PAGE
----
Campus Access Only

All rights reserved. This publication is intended for use solely by faculty, students, and staff of University of the Pacific. No part of this publication may be reproduced, distributed, or transmitted in any form or by any means, now known or later developed, including but not limited to photocopying, recording, or other electronic or mechanical methods, without the prior written permission of the author or the publisher.


Kinetic studies of the spasmogenic effects of serotonin and isolates from Byrsonima crassifolia leaves on rat fundus

Date of Award


Document Type

Dissertation - Pacific Access Restricted

Degree Name

Doctor of Philosophy (Ph.D.)

First Advisor

Marvin Malone


Leaf and bark extracts of a Mexican medicinal plant, Byrsonima crassifolia (Malpighiaceae), exhibited spasmogenic effects on isolated rat fundus and biphasic effects on jejunum and ileum. Preliminary evaluations using rat fundus in Krebs solution indicated that the activity of a 2% acetic acid extract of eaves (HOAcE) could be split into two types: (i) high-efficacy, low-potency, n-butanol-extracted, pargyline- and 1-(1-naphtylpiperazine) (1-NP)-sensitive, atropine-insensitive activity, and (ii) low-efficacy, high-potency, ethyl acetate-extracted, pargyline-insensitive, atropine- and 1-NP-sensitive activity. HOAcE lacked muscarinic and nicotinic effects on rat jejunum and frog rectus abdominis. Serotonin (5-HT) and HOAcE curves in fundus were parallel and 5-HT potency was 6,037 times that of HOAcE (95% confidence limits: 4,624-7,852). The pD$\sb2$ (affinity constant) for 5-HT was 7.96 (7.92-8.00) with pargyline added to the medium. 5-HT receptor-interaction kinetics using cholinergics and 5-HT agonists and antagonists was carried out. 1-NP competitively antagonized 5-HT. The 5-HT, antagonist s-(-)propranolol did not significantly antagonize 5-HT. The 5-HT$\sb2$ blocker ketanserin noncompetitively antagonized 5-HT and $\alpha$-Me-5-HT (pD$\sp\prime$2 = 5.6 and 6.7, respectively). The 5-HT$\sb3$ antagonist MDL-72222 inactivated only a small proportion of receptors (pD$\sp\prime$2 = 6.46). Atropine did not significantly modify the curve of 5-HT while fluoxetine noncompetitively antagonized 5-HT (pD$\sp\prime$2 = 5.8). 5-HT and $\alpha$-Me-5-HT curves were biphasic indicating two receptor interactions (high and low affinity). High-affinity pD$\sb2$ values for six different 5-HT agonists and 1-NP on rat fundus correlate well with reported rat brain (radioligand binding) pKd values at the 5-HT$\sb{\rm 1C}$ receptor (r = 0.94). Large scale extraction and fractionation of a methanol extract of leaves yielded two peaks of activity (Peak 1, lipophilic; Peak 2, polar). Peak 1 contained Compounds 1 to 7 (C1-C7); Peak 2 included C8-C15. Compound 1, C2, C3, C4, C10 and C11 were inactive while C8, C12 and C13 showed equivocal effects. Compound 5, C6, C7, C9, C14, C15, quercetin and gallic acid were active. Potencies were: C5 $>$ C6 $>$ C7 = quercetin $>$ C9 $>$ gallic acid. Efficacy (IA) was: C15 $\geq$ C14 $>$ gallic acid $>$ C9 $>$C5 $>$ C7 $>$ quercetin $>$ C6. Compound 9 and its aglycone quercetin were partial agonists (C9 IA = 70%, pD$\sb2$ = 6.35; quercetin IA = 60%, pD$\sb2$ = 6.58). Compound 9 noncompetitively antagonized 5-HT (pD$\sp\prime$2 = 6.10), while quercetin did not. Compound 14 and C15, the most active compounds, had similar response curves but these curves were not parallel to 5-HT. Spasmogenic ED$\sb{50}$ values for C14 = 0.76 (0.38-1.54) $\mu$g/mL and C15 = 0.76 (0.41-1.42) $\mu$g/mL. Gram for gram 5-GT was 181 $\times$ C14 and 182 $\times$ C15.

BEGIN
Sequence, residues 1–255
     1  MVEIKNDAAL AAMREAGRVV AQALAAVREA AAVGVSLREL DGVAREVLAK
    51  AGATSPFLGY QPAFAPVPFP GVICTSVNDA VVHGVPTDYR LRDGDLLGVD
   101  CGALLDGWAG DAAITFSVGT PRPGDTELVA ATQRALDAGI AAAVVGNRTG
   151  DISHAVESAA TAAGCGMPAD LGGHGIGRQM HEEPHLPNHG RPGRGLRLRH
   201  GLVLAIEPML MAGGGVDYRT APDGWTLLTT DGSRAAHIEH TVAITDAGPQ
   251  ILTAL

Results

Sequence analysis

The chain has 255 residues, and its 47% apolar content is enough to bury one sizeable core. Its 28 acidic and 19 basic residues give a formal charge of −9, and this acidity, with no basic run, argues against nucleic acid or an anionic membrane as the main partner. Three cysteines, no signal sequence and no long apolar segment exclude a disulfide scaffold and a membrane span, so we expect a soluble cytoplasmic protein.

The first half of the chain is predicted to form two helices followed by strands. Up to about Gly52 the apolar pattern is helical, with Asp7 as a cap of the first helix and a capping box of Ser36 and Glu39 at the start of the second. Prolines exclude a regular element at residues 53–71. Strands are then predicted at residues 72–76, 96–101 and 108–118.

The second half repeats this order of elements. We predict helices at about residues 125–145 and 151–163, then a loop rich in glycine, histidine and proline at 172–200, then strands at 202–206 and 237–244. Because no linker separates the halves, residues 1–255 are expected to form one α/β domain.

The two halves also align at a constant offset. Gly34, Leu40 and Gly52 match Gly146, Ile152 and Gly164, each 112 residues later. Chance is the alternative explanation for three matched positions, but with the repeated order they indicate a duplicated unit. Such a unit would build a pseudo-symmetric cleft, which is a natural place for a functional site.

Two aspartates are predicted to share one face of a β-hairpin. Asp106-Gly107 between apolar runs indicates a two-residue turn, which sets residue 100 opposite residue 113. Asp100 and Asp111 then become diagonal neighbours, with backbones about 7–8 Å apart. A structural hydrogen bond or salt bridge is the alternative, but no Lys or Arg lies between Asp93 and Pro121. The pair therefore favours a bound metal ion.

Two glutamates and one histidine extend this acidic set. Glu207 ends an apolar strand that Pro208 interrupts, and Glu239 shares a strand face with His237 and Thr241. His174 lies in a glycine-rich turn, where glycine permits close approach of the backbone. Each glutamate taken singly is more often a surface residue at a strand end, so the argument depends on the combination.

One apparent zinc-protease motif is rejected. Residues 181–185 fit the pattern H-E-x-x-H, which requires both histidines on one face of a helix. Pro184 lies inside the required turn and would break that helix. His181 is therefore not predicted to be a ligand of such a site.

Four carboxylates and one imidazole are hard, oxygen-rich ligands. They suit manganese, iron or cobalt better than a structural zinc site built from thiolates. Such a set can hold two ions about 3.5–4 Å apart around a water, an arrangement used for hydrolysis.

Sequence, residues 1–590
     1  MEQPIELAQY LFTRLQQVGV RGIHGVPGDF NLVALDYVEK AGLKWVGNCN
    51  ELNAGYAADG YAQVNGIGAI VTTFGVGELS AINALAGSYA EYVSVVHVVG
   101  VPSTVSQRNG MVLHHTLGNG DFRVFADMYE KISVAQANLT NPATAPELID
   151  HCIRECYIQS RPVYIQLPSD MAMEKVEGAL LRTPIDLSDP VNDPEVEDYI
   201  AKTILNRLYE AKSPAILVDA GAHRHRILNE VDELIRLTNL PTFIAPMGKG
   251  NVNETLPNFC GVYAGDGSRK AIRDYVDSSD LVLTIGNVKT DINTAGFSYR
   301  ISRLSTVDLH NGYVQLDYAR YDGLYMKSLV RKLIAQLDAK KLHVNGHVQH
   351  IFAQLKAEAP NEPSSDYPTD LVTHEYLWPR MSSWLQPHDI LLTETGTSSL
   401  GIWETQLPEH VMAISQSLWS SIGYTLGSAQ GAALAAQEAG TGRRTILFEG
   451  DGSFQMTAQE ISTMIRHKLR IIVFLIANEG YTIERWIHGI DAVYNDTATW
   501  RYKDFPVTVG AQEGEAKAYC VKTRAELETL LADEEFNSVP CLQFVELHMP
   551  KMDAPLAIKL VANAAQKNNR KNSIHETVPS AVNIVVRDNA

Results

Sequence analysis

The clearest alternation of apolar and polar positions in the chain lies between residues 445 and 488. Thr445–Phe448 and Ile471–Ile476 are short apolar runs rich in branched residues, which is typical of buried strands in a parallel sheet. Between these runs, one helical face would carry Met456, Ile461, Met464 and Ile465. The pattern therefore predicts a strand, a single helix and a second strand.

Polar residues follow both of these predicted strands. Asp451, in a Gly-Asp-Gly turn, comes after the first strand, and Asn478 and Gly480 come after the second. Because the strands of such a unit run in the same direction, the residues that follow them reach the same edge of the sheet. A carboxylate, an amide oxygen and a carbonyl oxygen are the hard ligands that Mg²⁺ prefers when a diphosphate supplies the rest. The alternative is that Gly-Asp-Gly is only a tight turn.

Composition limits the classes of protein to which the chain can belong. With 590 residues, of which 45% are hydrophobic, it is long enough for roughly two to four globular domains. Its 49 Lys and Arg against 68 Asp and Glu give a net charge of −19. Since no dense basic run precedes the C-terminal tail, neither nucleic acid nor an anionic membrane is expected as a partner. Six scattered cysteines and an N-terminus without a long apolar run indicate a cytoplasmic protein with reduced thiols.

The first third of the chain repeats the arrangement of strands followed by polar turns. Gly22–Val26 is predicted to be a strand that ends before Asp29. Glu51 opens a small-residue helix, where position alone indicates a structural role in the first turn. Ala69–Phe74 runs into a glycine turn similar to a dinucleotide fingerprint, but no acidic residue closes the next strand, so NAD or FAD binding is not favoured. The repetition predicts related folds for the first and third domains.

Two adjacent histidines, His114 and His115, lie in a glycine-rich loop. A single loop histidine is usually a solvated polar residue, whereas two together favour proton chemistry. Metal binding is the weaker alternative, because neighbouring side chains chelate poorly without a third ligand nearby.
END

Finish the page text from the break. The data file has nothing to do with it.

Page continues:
This document is currently not available here.

To access this thesis/dissertation you must have a valid email address and log-in to Scholarly Commons.

Find in PacificSearch Find in ProQuest



If you are the author and would like to grant permission to make your work openly accessible, please email